Advanced imaging of the foot, Vic Cox
A study of foot bandsaw sections is helpful for understanding CT and MR images. CT is best for mineralized tissues (like conventional radiographs) while MRI is best for soft tissue. MR images are brightest for tissues containing water or fat because MRI depends upon signals from the protons of hydrogen atoms and these are most commonly found in water and fat. For that reason, cortical bone will be dark while medullary bone will be bright (as seen below). Likewise, synovial fluid will be bright and inflammation (edema) will be brighter than normal tissue in MRI images
Note the bright medullary bone and dark cortical bone in the MR image on the left. Also note how synovial fluid is bright and articular cartilage is dark. Likewise, the DDFT and the straight distal sesamoidean ligament are dark. *=fibrocartilaginous part of DDFT on right.
Reminder of section types:
Sagittal and parasagittal sections. A sagittal section divides the foot into nearly symmetrical medial and lateral halves. Any parallel plane is called a parasagittal section.
Transverse sections are perpendicular to the long axis of the distal limb.
Frontal (dorsal) sections are perpendicular to both sagittal and transverse planes.
This is a sagittal section showing the DIP (distal interphalangeal joint) with three distended pouches. Not labelled is the thin distal sesamoidean impar (unpaired) ligament that binds the navicular bone to P3. Because the DDFT curves around the navicular bone, this bone acts as a trochlea (pulley); hence the term podotrochlear apparatus (bone and ligaments).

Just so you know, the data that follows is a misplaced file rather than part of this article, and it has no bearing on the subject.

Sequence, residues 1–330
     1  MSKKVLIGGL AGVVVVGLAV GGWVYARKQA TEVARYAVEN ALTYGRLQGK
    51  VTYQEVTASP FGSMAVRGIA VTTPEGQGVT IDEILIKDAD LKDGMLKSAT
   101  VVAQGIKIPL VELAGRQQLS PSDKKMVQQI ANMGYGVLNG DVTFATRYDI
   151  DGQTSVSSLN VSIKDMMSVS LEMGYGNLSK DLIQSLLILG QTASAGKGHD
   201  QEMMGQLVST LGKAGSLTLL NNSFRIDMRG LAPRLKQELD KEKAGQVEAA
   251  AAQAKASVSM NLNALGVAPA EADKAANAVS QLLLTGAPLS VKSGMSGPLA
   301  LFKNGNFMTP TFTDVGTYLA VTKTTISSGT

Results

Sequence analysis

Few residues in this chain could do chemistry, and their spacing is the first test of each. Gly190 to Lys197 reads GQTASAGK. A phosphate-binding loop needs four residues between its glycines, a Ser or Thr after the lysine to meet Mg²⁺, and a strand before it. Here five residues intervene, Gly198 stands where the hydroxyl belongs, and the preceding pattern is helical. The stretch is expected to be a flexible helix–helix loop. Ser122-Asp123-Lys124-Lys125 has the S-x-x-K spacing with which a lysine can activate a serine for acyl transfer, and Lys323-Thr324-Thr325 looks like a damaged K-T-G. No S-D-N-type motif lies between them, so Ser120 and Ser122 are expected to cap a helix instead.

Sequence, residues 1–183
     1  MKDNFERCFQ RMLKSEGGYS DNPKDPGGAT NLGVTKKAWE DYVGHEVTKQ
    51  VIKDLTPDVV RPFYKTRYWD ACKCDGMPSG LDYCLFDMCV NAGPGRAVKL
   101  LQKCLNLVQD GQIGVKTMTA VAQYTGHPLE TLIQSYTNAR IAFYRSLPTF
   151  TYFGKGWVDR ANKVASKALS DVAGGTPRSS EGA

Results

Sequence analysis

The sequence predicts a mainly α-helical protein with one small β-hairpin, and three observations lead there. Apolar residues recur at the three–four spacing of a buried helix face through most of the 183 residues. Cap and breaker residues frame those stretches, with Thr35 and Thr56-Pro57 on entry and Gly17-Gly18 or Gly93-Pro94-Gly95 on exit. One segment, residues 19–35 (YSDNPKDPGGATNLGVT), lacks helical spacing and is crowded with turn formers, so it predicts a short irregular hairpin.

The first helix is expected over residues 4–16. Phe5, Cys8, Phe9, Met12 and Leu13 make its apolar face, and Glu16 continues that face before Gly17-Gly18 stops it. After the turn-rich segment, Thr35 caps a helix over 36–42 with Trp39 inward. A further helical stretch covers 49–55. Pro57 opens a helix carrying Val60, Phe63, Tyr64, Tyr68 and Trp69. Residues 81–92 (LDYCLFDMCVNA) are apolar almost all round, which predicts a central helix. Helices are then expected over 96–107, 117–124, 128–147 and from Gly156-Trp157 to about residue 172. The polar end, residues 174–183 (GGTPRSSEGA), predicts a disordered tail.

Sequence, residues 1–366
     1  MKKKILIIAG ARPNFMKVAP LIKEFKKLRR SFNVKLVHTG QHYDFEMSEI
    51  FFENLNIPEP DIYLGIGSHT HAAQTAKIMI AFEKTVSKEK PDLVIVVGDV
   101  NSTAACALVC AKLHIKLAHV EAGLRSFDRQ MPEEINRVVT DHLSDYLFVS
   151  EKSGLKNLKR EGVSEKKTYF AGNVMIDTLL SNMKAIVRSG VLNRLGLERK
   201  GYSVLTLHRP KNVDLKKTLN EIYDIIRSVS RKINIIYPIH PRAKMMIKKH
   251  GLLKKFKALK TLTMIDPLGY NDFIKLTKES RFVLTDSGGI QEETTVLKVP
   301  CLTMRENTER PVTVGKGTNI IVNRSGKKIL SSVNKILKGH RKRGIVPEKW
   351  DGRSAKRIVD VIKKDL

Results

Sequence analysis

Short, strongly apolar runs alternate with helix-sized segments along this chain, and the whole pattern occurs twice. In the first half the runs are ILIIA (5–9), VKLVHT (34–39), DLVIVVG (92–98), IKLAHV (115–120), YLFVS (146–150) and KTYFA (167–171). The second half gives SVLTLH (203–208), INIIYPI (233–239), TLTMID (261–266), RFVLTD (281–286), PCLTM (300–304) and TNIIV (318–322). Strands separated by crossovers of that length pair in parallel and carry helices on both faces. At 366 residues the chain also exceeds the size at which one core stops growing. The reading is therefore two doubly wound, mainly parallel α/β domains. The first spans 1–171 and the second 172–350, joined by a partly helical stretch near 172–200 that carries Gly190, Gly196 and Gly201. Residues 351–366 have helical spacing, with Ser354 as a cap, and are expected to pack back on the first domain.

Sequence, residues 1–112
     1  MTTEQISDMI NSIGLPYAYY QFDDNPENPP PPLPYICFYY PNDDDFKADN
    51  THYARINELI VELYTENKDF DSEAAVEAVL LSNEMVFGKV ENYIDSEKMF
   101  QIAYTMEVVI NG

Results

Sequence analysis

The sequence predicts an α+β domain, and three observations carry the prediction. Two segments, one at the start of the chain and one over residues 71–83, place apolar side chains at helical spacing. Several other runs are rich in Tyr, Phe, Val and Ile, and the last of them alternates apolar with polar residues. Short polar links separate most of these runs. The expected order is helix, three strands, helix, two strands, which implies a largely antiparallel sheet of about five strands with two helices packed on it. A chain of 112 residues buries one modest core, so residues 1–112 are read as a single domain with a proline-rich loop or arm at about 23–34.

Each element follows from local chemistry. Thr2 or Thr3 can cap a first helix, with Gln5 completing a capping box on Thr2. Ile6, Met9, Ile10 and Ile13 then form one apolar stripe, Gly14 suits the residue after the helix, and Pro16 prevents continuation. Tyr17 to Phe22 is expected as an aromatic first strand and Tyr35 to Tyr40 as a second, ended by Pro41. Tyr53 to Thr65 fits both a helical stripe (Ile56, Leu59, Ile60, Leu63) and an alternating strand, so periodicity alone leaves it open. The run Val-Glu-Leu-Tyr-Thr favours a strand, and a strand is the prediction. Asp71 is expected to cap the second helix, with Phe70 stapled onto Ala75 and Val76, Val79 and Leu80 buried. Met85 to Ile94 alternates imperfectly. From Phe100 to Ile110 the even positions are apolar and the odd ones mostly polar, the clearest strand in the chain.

The impar ligament attaches to the distal edge of the navicular bone while the paired collateral sesamoidean ligaments attach to the proximal edge of the navicular bone. The sesamoidean ligaments are collateral ligaments because there are medial and lateral parts that wrap around the pastern bones and attach to the distal part of P1 and also to the “sides” of P2. The collateral sesamoidean ligaments are also known as the suspensory ligaments of the navicular bone. These ligaments counter the force of the distal end of P2 which pushes down on the navicular bone when the foot makes contact with the ground.
Note that as the DDFT passes distally it gets wider but thinner. The wide thin part is prone to tearing, but the lesion is difficult to see because the DDFT is dark on MRI although tearing may result in enough inflammation or granulation tissue to suggest the injury. Proximal to the navicular bone the DDFT is thicker and has a fibrocartilaginous part (asterisk in fig. 1) but best seen on transverse sections. In the region of the navicular bone the DDFT is divided by a groove into medial and lateral parts.
Dorsosolar radiograph of the navicular bone showing the axial ridge (arrow) on the flexor surface of the navicular bone. The palmar parts of P3 are sometimes referred to as the “wings” of the coffin bone. This radiograph reveals good differentiation between the cortical and medullary parts of the navicular bone. Note that the navicular bone is deep to the apex of the frog. Also note that the wall is more radiodense than the sole and the frog looks like the letter “A”.
Imaging the Equine Foot. Vet Clin Equine 37 (2021) 563–579